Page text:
Price of Cars to Continue Falling, Says Minister

By Tha Lun Zaung Htet 24 October 2012

The price of owning a car in Burma is set to continue falling as the country’s motor vehicle market is brought more in line with international standards, according to Commerce Minister Win Myint.

“What I can say is that the days when you could make big profits from investing in the motor vehicle market are over,” the minister said in an exclusive interview with The Irrawaddy earlier this week.

“It is now possible to buy a relatively new car for just 20 million kyat [US $23,000], whereas in the past it would have cost 15 to 20 times that amount. Before, even a 20-year-old model sold for more than 30 million kyat, and anything newer than that was at least 100 million,” he said.

As the car market stabilizes, prices will fall even further, he added.

The minister attributed the dramatic drop in car prices to the policies of the administration of President Thein Sein, who promised to make car ownership affordable for all citizens.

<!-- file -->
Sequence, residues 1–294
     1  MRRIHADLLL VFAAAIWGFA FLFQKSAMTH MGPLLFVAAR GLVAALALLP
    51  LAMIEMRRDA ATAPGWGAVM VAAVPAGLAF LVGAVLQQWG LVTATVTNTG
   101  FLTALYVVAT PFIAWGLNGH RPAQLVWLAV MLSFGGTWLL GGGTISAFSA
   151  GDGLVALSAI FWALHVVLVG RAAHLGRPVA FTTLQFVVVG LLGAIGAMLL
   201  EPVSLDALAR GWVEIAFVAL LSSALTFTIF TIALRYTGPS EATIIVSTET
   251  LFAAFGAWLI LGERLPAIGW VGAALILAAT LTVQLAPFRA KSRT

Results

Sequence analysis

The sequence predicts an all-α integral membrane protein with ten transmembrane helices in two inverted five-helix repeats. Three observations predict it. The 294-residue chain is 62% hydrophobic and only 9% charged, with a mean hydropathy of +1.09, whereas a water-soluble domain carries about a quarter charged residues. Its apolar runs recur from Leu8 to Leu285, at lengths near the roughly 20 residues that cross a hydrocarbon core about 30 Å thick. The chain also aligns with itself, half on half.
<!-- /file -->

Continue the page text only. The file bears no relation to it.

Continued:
While good for the general public, the liberalization of Burma’s automotive market has hurt those who bought before the new policies were put in place—including the minister himself.

“I have four Land Cruisers that are now worth a fraction of what I paid for them,” said Win Myint.

“But this is all necessary because we are moving toward a market economy as we continue to democratize, and we have to be ready for the opening of the Asean Free Trade Zone by 2015.”

Responding to rumors that restrictions on imports could soon be reintroduced, the minister emphasized that the reforms begun since last year are irreversible.

“We now work in transparency,” he said, adding that the ministry has authorized the import of more than 60,000 vehicles, half of them as part of a swap program to replace older cars.

With the increase in vehicles on the road, measures will also have to be taken to ensure that traffic congestion does not become a serious problem, he added.

Part of this effort will be to pay more attention to enforcement of traffic rules, he said.

Beyond this, the government is also buying more passenger buses for use by ordinary commuters. “So far, over 1,000 buses have arrived,” he said.